Objective: Examine the benefits/risks of beta-blockers for pregnancy hypertension.
Study design: Meta-analysis of relevant trials identified by comprehensive literature review (1966-97).
Results: Included were 30 trials for pregnancy hypertension, and four others for perinatal outcomes only. For mild chronic hypertension treated throughout pregnancy (n=2 trials), oral beta-blockers (compared with no therapy) were associated with an inconsistent increase in small for gestational age (SGA) infants (OR 2.46 [1.02, 5.92]). For mild-moderate 'late-onset' pregnancy hypertension (i.e. either chronic treated only late in pregnancy, or pregnancy-induced) (n=8 trials), oral beta-blockers (compared with no therapy) were associated with a decrease in severe hypertension (OR 0.27 [0.16, 0.451), borderline decrease in development of proteinuria (OR 0.69 [0.48, 1.02]), decrease in RDS (OR 0.33 [0.13, 0.85]), but a borderline increase in SGA infants (OR 1.47 [0.96, 2.26]). Beta-blockers were equivalent to other agents (n=15 trials). For severe 'late-onset' pregnancy hypertension (n=5 trials), i.v. labetalol produced less maternal hypotension (OR 0.13 [0.03, 0.71]) and fewer cesareans (OR 0.23 [0.13, 0.63]) than i.v. hydralazine/diazoxide.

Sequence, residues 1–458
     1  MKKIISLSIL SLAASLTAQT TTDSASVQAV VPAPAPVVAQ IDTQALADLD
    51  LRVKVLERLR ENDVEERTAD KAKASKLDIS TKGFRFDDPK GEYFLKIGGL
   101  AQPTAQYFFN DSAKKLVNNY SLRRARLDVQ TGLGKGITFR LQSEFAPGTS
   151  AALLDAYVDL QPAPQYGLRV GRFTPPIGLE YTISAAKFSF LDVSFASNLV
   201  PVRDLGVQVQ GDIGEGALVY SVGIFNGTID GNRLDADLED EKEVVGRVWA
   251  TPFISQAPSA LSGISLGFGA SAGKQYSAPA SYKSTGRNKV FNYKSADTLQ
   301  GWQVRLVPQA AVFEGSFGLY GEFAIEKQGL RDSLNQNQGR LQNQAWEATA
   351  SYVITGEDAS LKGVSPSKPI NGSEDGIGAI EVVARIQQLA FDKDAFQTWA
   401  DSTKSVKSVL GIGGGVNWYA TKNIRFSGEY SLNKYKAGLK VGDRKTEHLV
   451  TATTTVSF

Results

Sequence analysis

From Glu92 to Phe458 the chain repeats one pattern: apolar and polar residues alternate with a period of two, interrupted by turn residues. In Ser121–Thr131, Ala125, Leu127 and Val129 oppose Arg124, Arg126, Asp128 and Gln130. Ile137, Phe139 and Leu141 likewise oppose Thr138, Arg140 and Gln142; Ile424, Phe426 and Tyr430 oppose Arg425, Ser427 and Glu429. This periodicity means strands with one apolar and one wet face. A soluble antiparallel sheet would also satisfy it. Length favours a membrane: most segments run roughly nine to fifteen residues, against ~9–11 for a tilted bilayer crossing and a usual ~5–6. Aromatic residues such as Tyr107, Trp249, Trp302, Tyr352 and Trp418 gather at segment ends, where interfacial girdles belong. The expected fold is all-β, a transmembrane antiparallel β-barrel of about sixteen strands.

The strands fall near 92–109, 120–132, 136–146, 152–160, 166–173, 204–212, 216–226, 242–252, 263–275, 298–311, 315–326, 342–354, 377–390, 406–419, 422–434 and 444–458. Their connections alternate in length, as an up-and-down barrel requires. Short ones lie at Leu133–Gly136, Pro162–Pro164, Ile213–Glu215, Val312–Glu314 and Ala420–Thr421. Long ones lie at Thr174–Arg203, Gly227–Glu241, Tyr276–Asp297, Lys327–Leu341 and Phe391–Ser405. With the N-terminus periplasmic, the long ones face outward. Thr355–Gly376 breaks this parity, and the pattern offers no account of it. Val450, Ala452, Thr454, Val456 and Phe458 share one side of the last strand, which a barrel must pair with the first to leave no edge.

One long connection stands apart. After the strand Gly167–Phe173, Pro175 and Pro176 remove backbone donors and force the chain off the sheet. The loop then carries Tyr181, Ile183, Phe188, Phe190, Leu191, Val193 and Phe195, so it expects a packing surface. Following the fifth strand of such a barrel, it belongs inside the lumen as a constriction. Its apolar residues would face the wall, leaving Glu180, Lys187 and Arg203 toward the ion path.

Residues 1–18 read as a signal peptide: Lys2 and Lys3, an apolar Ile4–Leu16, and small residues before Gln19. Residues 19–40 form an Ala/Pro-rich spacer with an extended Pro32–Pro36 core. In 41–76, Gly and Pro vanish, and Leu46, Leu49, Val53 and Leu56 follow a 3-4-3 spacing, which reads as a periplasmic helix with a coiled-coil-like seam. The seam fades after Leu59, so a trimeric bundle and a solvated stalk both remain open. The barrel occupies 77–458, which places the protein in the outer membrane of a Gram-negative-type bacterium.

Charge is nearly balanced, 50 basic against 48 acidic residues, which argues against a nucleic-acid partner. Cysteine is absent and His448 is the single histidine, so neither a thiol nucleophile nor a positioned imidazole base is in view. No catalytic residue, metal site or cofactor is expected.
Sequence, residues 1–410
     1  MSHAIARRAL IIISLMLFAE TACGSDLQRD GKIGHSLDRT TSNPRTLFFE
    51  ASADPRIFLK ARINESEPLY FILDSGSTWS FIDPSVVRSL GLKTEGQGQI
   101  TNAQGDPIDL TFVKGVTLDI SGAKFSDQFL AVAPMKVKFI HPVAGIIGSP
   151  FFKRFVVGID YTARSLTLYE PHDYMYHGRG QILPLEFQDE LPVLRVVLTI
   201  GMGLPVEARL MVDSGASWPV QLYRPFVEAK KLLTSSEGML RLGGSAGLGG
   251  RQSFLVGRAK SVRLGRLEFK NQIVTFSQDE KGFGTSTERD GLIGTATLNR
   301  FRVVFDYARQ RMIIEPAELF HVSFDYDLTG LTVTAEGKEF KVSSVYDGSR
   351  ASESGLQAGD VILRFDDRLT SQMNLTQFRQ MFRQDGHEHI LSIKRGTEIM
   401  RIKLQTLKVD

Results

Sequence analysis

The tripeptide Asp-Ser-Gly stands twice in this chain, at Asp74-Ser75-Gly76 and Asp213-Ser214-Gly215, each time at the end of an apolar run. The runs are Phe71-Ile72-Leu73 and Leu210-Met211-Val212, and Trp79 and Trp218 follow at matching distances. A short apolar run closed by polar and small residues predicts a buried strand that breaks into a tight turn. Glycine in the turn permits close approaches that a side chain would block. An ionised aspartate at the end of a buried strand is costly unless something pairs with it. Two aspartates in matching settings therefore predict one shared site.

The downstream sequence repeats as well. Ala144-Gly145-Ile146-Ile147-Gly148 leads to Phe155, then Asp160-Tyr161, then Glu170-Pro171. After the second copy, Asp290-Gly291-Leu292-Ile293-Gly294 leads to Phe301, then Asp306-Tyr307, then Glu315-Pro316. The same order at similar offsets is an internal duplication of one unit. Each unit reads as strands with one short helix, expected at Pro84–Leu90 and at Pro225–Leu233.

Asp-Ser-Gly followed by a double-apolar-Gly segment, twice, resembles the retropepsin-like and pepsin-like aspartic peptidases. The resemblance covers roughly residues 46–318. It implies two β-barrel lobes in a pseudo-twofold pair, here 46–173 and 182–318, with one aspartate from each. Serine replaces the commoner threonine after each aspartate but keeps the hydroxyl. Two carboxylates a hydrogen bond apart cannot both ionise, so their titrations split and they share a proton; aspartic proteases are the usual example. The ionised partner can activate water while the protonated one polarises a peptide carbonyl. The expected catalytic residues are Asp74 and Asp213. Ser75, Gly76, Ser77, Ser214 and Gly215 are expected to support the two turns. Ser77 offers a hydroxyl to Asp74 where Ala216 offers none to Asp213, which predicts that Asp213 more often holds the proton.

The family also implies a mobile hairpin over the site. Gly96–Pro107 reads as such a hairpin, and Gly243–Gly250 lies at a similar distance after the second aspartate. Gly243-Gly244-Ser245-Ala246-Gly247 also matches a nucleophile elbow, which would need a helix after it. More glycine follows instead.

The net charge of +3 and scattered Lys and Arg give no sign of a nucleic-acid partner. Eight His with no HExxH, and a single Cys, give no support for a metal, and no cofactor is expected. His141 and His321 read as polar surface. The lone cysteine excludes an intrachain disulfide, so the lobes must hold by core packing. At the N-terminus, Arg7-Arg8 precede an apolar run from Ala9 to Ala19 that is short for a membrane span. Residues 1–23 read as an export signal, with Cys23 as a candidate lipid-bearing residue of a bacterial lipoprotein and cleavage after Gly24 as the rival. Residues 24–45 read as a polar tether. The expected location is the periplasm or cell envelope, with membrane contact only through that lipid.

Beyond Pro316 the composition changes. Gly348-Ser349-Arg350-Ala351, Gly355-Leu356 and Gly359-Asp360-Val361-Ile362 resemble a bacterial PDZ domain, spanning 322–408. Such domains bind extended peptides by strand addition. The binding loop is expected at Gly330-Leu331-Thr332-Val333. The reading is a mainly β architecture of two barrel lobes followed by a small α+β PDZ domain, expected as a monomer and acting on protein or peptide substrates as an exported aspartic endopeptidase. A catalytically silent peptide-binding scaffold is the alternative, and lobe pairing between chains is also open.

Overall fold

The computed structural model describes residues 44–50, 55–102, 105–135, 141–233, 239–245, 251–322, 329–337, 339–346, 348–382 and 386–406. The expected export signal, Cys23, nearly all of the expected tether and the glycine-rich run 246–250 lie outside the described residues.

Conclusions: It is not clear that the benefits outweigh the risks when beta-blockers are used to treat mild to moderate chronic or pregnancy-induced hypertension, given the unknown overall effect on perinatal outcomes. For severe 'late-onset' pregnancy hypertension, i.v. labetalol is safer than i.v. hydralazine or diazoxide.